"We provide innovative approaches to achieve

serious business results."Tim Connor - President, Rodeo!

Archive for the ‘American Business in History’ Category

The United States: Founded to Foster Innovation

American Business in History


By Tim Connor, Rodeo! Performance Group, Inc.

As we seek to generate innovation in our businesses, it’s wise to consider how careful planning can foster an atmosphere where innovation takes place naturally. That type of plan was part of this country at its start.

Opportunity: The Basis for Innovation in a Nation.

When the United States was founded, its people were immigrants fleeing troubles such as famine, tyranny, and persecution. But the basic cause of their unrest with their mother countries was lack of opportunity. They, and their various state representatives, were adamant that the America would have opportunity written solidly into its founding documents.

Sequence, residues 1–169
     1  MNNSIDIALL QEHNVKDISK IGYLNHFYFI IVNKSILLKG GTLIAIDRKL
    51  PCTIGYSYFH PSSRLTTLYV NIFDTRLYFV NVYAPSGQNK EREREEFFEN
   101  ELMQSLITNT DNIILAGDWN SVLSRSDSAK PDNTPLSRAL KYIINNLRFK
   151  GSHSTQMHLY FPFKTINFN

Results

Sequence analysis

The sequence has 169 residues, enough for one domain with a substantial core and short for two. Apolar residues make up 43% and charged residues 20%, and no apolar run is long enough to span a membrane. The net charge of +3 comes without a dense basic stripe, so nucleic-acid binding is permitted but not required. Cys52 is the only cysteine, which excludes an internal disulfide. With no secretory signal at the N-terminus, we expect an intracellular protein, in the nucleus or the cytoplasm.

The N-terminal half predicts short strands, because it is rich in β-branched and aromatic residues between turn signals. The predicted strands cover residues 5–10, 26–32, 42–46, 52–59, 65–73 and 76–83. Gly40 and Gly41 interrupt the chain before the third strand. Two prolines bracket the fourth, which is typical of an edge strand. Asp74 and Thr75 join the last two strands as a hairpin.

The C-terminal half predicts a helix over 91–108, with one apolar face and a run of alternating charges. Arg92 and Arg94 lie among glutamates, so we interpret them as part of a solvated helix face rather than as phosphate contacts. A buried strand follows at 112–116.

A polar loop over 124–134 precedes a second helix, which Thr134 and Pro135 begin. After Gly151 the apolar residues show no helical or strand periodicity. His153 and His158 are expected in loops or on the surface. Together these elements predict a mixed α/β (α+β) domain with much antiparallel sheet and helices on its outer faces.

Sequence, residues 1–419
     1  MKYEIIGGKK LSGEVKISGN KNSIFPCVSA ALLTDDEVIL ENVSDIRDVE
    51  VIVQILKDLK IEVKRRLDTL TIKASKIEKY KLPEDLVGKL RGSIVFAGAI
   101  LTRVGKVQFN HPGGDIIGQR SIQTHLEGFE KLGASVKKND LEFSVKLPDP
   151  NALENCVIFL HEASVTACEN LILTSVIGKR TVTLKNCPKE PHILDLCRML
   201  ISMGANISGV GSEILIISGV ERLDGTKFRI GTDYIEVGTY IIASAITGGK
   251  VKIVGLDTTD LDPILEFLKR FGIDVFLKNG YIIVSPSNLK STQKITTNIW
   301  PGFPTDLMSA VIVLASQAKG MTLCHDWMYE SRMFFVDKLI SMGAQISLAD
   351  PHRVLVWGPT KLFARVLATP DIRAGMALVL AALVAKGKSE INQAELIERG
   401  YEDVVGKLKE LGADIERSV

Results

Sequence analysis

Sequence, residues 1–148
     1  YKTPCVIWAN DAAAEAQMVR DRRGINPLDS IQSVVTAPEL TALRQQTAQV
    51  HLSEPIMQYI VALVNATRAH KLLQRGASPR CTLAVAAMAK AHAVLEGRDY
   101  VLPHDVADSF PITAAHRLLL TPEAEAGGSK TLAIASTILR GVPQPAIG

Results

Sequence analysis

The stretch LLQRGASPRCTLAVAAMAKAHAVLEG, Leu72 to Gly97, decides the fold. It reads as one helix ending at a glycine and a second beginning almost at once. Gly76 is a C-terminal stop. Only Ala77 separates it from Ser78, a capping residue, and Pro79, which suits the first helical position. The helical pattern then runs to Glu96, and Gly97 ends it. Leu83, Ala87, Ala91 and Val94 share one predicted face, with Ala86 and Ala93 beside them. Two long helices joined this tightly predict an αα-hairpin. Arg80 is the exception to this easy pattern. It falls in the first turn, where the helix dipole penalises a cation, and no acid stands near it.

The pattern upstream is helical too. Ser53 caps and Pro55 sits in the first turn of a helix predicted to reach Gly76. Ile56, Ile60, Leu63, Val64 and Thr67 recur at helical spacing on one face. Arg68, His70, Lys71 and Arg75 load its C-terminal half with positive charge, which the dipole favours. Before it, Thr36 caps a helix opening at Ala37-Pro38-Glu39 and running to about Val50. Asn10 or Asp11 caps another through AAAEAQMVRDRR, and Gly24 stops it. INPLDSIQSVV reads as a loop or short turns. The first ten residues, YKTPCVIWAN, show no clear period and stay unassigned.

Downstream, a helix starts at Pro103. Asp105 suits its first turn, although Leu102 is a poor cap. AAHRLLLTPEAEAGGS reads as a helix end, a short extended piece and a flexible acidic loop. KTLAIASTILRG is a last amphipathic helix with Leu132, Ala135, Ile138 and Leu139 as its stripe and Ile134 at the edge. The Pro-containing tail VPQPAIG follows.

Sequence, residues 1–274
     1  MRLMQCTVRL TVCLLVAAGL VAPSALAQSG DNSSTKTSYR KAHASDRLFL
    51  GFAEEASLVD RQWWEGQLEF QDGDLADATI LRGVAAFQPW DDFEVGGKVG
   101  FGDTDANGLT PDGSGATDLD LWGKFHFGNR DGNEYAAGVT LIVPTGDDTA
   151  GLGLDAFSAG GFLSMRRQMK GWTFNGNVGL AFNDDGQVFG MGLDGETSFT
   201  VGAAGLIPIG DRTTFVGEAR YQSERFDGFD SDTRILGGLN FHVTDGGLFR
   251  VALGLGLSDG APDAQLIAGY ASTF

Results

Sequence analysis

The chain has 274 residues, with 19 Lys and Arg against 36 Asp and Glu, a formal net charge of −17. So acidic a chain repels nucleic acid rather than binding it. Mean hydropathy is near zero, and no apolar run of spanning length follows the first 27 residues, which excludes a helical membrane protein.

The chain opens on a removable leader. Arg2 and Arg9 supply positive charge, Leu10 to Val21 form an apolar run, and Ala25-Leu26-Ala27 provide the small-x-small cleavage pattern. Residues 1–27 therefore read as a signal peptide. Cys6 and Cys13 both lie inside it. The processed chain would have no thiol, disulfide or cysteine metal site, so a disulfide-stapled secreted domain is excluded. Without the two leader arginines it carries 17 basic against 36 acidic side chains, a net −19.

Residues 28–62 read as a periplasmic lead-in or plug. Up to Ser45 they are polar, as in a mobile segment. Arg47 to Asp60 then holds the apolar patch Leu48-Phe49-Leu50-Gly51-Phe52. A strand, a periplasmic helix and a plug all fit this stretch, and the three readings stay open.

What was included in those carefully planned documents?

The Declaration of Independence pointed out the problem. In it are listed over 20 actions taken by the king of England to quell self-government by the people in the American Colonies. They saw his actions as onerously limiting their opportunity in the important areas of their lives.

The Constitution, written to avoid allowing the government to lapse into tyranny, specifically enumerated the powers ceded to the central (Federal) government by the people. It was carefully written to make sure that those in government didn’t begin taking over responsibilities not given to it.